The world’s best-selling whiskey maker is accusing a tiny distillery of getting too close for Southern comfort.
On Friday, Jack Daniel's filed legal actions against Popcorn Sutton’s Tennessee White Whiskey. The owner of the Jack Daniel's trademark (Brown-Forman Corp.) said the square shape and lettering on the Popcorn Sutton bottle is "confusingly similar" to that of the larger brand’s familiar logo.
"Defendants' use of the new Popcorn Sutton's trade dress in connection with their Tennessee white whiskey is likely to cause purchasers and prospective purchasers of the product to believe mistakenly that it is a new Tennessee white whiskey product in the Jack Daniel's line," reads an excerpt from the lawsuit obtained by The Associated Press.
"We've taken action against many individuals and companies all over the world for infringing in the Jack Daniel's trademark," Brown-Forman spokesman Phil Lynch told the AP. "We are vigorous in our defense of all our trademarks, and especially Jack Daniel's."
Popcorn Sutton’s lawyers have declined to comment.
The lawsuit reportedly asks for the company to destroy any batches produced in the newer bottles and to hand over to Jack Daniel's any profits made from bottle sales. The lawsuit claims there are several similarities in the way the two bottles are designed, including angled shoulders on the bottles and the white-on-black color schemes employed by Jack Daniel's, which the lawsuit describes as "one of the oldest, longest-selling and most iconic consumer products" in U.S. history.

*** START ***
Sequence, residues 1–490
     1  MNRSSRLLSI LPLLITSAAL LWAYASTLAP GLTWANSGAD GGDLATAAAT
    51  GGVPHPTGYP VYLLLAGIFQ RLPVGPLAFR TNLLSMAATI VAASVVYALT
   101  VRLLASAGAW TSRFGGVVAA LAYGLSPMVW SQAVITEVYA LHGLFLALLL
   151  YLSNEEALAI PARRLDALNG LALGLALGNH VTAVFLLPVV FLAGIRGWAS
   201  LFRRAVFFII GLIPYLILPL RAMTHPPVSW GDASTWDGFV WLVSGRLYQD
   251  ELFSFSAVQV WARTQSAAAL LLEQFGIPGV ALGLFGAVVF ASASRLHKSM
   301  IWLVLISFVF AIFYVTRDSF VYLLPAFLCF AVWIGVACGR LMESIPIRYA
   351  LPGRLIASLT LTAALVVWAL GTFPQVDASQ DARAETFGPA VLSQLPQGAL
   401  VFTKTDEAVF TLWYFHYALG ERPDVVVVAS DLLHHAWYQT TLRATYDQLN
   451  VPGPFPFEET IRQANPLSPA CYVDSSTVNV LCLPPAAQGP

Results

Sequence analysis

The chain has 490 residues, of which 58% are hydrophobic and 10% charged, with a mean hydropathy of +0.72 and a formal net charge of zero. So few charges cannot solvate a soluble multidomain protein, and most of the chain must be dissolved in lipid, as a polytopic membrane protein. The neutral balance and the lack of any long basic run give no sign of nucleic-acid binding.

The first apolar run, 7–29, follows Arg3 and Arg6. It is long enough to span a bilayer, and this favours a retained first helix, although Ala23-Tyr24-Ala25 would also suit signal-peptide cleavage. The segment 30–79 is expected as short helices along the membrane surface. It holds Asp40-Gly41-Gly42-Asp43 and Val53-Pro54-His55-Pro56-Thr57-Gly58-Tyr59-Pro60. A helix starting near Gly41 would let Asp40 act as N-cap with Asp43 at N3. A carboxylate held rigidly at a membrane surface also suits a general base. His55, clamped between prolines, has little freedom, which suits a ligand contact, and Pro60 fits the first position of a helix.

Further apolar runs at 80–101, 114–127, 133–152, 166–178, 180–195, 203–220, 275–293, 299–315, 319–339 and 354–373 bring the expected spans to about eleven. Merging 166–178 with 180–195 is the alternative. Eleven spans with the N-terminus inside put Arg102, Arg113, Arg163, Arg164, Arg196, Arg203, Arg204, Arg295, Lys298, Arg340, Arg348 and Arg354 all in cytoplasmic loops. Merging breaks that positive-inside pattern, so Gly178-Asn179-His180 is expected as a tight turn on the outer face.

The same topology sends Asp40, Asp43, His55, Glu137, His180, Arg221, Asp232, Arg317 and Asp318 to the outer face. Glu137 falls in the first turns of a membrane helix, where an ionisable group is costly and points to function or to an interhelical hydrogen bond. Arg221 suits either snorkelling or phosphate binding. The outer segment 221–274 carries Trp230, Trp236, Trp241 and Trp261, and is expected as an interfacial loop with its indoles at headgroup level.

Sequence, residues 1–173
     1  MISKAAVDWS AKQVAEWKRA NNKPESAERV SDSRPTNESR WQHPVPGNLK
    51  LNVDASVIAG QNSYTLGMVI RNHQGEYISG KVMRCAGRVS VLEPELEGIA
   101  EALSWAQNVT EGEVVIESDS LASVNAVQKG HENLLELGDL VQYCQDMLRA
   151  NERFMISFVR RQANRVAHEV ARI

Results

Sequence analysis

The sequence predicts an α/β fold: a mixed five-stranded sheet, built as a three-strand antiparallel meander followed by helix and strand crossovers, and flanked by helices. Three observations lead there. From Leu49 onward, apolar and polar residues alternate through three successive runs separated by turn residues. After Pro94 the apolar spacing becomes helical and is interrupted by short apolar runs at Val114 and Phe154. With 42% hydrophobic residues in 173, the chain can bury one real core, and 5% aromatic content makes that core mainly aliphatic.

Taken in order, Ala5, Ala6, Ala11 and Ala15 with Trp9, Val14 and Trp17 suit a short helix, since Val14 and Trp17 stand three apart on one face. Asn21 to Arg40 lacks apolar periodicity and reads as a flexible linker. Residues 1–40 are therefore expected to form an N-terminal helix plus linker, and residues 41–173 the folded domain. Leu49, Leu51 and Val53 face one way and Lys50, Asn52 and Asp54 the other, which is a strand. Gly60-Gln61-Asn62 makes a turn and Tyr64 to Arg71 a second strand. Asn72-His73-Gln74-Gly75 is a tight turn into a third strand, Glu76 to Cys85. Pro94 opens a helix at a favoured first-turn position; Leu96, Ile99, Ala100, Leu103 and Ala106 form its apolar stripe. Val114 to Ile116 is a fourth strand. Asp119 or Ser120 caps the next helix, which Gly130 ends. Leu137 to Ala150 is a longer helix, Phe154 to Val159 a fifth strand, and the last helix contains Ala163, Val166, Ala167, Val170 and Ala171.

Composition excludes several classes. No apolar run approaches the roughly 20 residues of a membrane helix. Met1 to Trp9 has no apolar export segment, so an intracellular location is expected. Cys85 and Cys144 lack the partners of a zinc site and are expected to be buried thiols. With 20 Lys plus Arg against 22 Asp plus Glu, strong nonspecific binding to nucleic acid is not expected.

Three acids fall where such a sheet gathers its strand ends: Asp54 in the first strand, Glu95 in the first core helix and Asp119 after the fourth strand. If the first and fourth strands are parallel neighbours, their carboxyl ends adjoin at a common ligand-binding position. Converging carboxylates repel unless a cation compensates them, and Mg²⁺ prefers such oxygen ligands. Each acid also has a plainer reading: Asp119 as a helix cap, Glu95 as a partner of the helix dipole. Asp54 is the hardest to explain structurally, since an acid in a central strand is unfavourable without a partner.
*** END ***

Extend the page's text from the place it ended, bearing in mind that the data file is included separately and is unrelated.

The small distillery is named after the late moonshine manufacturer Marvin "Popcorn" Sutton. For years, Sutton sold his beverage out of small Mason jars. He became a cult figure with his homemade videos, which showed viewers how to produce their own moonshine. He committed suicide in 2009 in order to avoid prison time over his illegal “white lightning” moonshine manufacturing operation.
Ironically, one bar owner said the Popcorn Sutton brand sales have actually declined since the company transitioned to the fancier bottles their namesake reportedly demanded before his death.
"When it was in the Mason jars, it was a better seller, more of a curiosity," Old Town Wine and Spirits owner Nick Reifsteck told the AP. It’s certainly not the first time a major corporation has accused a smaller, independent manufacturer of stealing its brand. In November 2011, Chick-fil-A tried to stop a local Vermont kale farmer who was selling shirts that read, “Eat More Kale.” Lawyers for Chick-fil-A said the “Eat More” phrase and lettering style too closely resembled their own marketing campaign.